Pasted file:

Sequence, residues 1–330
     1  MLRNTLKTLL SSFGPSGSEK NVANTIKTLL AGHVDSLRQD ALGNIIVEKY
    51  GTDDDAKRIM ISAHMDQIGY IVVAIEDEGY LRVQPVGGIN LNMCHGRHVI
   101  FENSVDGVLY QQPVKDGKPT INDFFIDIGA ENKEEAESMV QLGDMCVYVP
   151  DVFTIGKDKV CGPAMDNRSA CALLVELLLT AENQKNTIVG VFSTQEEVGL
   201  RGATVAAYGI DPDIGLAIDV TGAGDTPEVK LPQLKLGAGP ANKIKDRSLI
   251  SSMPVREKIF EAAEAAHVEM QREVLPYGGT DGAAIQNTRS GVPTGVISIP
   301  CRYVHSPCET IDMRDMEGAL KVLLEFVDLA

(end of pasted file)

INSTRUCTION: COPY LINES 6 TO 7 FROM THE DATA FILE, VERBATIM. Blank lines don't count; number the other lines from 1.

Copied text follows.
   201  RGATVAAYGI DPDIGLAIDV TGAGDTPEVK LPQLKLGAGP ANKIKDRSLI
   251  SSMPVREKIF EAAEAAHVEM QREVLPYGGT DGAAIQNTRS GVPTGVISIP